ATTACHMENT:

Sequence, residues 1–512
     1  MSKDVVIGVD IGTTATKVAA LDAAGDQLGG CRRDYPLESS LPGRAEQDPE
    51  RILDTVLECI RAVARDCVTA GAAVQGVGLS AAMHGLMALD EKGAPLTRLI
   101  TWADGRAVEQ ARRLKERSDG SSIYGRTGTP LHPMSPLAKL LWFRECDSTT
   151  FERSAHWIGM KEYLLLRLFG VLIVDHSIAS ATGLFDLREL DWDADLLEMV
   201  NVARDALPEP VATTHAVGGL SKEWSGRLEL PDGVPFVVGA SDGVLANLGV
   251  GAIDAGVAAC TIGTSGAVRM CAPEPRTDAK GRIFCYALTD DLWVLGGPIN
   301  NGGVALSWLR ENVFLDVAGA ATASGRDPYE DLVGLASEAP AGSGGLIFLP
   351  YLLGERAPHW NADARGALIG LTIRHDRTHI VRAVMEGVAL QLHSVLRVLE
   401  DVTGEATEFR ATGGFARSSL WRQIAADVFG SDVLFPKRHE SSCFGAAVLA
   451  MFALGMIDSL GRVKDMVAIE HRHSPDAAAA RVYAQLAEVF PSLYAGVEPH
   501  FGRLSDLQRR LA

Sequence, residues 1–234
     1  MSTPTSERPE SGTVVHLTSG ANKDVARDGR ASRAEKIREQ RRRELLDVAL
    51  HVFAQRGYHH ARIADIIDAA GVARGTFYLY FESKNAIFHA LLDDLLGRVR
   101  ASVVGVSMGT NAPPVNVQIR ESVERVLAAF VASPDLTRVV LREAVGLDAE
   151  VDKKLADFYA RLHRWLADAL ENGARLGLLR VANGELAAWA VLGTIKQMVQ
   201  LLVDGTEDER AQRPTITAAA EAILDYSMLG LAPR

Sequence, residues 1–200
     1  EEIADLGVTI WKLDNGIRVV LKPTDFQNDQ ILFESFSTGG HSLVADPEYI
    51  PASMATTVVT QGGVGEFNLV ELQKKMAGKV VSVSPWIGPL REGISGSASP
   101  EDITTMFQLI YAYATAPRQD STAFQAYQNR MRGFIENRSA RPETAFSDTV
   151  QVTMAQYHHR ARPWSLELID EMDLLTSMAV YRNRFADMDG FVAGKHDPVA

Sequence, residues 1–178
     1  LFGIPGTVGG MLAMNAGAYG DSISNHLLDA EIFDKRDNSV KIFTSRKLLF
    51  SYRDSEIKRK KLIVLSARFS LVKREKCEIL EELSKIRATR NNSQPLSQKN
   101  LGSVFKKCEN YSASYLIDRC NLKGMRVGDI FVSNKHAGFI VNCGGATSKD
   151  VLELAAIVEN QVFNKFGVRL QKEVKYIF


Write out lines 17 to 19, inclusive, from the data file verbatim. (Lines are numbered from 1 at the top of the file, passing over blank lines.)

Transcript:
   151  VDKKLADFYA RLHRWLADAL ENGARLGLLR VANGELAAWA VLGTIKQMVQ
   201  LLVDGTEDER AQRPTITAAA EAILDYSMLG LAPR

Sequence, residues 1–200